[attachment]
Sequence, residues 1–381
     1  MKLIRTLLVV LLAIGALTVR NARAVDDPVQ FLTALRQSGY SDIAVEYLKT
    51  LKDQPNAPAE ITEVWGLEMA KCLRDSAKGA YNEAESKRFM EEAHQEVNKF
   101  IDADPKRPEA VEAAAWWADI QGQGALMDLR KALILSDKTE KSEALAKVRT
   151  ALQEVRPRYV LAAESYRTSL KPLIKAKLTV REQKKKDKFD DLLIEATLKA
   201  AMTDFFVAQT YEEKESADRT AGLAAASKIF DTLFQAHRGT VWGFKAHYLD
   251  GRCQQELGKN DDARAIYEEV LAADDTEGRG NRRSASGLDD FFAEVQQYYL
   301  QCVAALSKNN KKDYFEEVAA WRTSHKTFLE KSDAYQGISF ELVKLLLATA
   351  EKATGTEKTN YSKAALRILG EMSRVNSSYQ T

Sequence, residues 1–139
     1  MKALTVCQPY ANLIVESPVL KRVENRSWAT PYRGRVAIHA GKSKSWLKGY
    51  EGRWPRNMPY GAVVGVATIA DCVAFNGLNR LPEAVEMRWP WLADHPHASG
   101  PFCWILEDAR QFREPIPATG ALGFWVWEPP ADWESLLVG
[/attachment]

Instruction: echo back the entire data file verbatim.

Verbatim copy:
Sequence, residues 1–381
     1  MKLIRTLLVV LLAIGALTVR NARAVDDPVQ FLTALRQSGY SDIAVEYLKT
    51  LKDQPNAPAE ITEVWGLEMA KCLRDSAKGA YNEAESKRFM EEAHQEVNKF
   101  IDADPKRPEA VEAAAWWADI QGQGALMDLR KALILSDKTE KSEALAKVRT
   151  ALQEVRPRYV LAAESYRTSL KPLIKAKLTV REQKKKDKFD DLLIEATLKA
   201  AMTDFFVAQT YEEKESADRT AGLAAASKIF DTLFQAHRGT VWGFKAHYLD
   251  GRCQQELGKN DDARAIYEEV LAADDTEGRG NRRSASGLDD FFAEVQQYYL
   301  QCVAALSKNN KKDYFEEVAA WRTSHKTFLE KSDAYQGISF ELVKLLLATA
   351  EKATGTEKTN YSKAALRILG EMSRVNSSYQ T

Sequence, residues 1–139
     1  MKALTVCQPY ANLIVESPVL KRVENRSWAT PYRGRVAIHA GKSKSWLKGY
    51  EGRWPRNMPY GAVVGVATIA DCVAFNGLNR LPEAVEMRWP WLADHPHASG
   101  PFCWILEDAR QFREPIPATG ALGFWVWEPP ADWESLLVG